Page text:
Change in election legislation cuts candidate out of petition process

RBC | Gary Moyer will be inducted as the new county commissioner as of January 2019, filling Shawn Bolton’s seat.

At the Republican county assembly March 17, Moyer received 47 of 53 delegate votes, earning a place on the ballot. Mike Hoke, who entered the Republican race late, received six votes. Hoke needed 16, but still had the option to petition for a slot on the ballot.

However, legislation at the state level last year changed the deadline for petitions to be turned in. This year’s petitions were due March 20, instead of in April. Hoke was notified Tuesday that his petition—he’d collected more than 300 signatures since the March 17 assembly—was invalidated because of the change.

“I’m very unhappy with this legislation,” said Rio Blanco County Clerk and Recorder Boots Campbell.

RBC Republican Party President Logan Hill echoed Campbell’s sentiment. “The State Republican Party failed to communicate the rule change with the counties. Allowing enough time for candidates that didn’t gain ballot access at the county assembly to petition onto the ballot is the way things have been done for a very long time. I find it incredibly frustrating that the legislature changed the date and that the party failed to make sure the counties knew what a big change this date would play in the way primary races are handled. I am deeply concerned that this is a move to protect incumbent politicians while limiting the field of challengers. I hope Mr. Hoke will consider running again in four years, as the voters are best served when they have a choice. I believe the assembly process is a true expression of representative government, however candidates should also have the ability to gain ballot access with a petition and the new time constraints severely limit that.”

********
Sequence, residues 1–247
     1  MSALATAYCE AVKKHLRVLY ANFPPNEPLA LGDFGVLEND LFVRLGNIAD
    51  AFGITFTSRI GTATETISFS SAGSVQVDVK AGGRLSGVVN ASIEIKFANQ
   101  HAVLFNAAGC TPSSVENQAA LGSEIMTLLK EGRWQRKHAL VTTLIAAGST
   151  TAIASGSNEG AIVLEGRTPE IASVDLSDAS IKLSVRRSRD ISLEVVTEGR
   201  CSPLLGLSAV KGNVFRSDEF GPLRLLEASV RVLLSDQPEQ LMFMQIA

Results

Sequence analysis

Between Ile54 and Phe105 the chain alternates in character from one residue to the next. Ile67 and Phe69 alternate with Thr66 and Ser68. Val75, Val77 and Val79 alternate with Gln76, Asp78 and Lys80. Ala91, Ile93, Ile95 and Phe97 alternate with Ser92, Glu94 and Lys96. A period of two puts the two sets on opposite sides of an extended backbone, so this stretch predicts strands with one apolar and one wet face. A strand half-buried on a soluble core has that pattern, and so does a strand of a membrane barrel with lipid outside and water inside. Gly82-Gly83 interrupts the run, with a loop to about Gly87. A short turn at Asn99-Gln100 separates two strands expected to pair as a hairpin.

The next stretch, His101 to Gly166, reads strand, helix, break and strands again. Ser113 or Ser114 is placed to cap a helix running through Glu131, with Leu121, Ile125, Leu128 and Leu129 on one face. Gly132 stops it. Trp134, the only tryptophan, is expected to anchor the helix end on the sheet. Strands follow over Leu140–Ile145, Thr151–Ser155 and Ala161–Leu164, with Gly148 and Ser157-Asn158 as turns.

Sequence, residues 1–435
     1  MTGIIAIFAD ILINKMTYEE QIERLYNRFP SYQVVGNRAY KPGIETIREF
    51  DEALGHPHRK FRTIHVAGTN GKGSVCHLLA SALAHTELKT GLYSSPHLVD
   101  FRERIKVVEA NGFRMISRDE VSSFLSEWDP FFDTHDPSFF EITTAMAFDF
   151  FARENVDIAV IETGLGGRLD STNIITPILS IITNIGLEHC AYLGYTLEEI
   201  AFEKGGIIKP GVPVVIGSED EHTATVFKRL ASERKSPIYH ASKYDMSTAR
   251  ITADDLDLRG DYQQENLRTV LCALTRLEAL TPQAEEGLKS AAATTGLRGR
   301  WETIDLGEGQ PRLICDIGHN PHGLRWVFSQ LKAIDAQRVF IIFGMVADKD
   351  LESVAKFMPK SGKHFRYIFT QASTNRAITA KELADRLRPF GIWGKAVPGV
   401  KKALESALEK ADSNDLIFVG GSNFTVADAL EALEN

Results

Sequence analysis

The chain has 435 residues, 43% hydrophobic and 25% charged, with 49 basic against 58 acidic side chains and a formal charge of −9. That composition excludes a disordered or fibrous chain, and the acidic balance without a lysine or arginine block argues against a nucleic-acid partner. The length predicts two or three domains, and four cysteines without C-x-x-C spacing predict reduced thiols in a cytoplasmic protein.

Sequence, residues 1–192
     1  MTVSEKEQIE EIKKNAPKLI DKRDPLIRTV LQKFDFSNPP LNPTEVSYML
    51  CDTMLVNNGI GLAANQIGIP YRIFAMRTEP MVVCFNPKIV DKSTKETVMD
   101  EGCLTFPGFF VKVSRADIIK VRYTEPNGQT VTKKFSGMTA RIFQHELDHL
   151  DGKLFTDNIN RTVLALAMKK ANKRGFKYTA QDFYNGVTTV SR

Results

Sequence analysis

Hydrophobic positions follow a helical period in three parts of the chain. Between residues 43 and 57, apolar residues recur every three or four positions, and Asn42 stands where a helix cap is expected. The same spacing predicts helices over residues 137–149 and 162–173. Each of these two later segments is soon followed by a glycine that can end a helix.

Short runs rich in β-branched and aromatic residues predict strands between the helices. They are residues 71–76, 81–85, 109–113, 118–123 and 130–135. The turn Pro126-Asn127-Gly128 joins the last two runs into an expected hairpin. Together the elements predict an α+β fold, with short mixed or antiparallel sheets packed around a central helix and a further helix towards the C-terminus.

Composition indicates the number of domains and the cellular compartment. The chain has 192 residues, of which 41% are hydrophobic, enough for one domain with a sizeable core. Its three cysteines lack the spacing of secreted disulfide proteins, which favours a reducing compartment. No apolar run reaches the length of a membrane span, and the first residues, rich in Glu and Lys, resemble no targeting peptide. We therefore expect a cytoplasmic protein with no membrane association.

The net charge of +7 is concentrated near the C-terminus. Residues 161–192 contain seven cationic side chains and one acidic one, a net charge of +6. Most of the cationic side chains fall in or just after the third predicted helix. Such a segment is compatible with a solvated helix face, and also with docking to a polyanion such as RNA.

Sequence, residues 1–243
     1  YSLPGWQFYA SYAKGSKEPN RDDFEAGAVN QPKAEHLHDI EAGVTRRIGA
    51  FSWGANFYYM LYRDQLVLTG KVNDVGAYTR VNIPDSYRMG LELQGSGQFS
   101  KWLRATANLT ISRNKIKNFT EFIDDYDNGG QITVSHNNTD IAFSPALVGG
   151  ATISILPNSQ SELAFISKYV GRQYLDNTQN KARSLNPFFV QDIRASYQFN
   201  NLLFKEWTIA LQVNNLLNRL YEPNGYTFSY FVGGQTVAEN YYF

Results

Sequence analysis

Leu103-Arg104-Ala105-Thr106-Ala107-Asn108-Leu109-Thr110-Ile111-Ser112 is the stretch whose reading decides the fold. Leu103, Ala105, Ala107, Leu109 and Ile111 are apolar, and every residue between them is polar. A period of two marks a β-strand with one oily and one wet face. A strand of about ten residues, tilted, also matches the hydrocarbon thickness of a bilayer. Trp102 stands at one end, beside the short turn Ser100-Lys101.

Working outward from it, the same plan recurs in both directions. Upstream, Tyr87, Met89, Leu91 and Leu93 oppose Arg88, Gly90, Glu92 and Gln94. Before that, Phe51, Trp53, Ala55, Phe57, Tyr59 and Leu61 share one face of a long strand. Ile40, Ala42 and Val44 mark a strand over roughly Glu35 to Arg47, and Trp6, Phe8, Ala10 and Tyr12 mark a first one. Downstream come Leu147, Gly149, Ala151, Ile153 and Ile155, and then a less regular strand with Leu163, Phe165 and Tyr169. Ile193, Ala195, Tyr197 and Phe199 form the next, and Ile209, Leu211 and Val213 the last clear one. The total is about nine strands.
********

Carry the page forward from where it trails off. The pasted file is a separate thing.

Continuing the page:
Moyer declined to make a statement at this time.

Hoke can run as a write-in candidate for the June primary if he completes an affidavit of intention form by April 20.

“I concede I entered the race for county commissioner fairly late, one day before the delegates were chosen for the caucus,” Hoke said in a written statement. “I did so after being requested to run by certain members of the community and after much thought and prayer. I believe I am qualified, not just through my experience, but because I care about—and listen to—the people of this county. I was disappointed when 47 of 53 delegates decided only one person should be on the ballot, but I still had hope that through the petition process I could get my name on the ballot. I worked hard and spoke with many people, obtaining 300 signatures within approximately one week’s time and planned to obtain as many as possible before April 2, the supposed deadline. As we now know, I was misinformed about the deadline and it seems my labor was in vain. There is only one name on the ballot in the “race” for county commissioner. The only option left to me is to enter as a ‘write-in’ candidate where people would need to do just that, write my name on the ballot. As you can imagine, this puts me at a great disadvantage and I am undecided at this point how and if to proceed.

I want the people of this county to know I greatly appreciate all the support I have been given through this process. You are the reason I decided to run. This turn in events, however, has given me pause and I need help in making a decision before the April 20 deadline. I am requesting the public’s input on this matter and would appreciate any comments or suggestions. Please contact me via email at

Thank you again for your support.”

This primary election will be the first time in Colorado unaffiliated (independent) voters will be able to vote in the primaries. Previously, you had to be registered as a party member to vote in the primary election.

There are 3,836 active registered voters in the county, and 664 inactive voters who can activate their registration by filling out a form at the courthouse up to the day of the election. You can check your voter registration status at

Among active voters in Rio Blanco County, there are 2,653 Republicans, 306 Democrats and 830 unaffiliated voters. There are 281 inactive Republicans, 49 inactive Democrats and 327 inactive unaffiliated voters. Most inactive statuses are related to mailing problems or failure to vote in the last two elections.

Only 40 percent of active, registered Rio Blanco County voters returned ballots in the 2017 election, which included school board elections and mill levy items.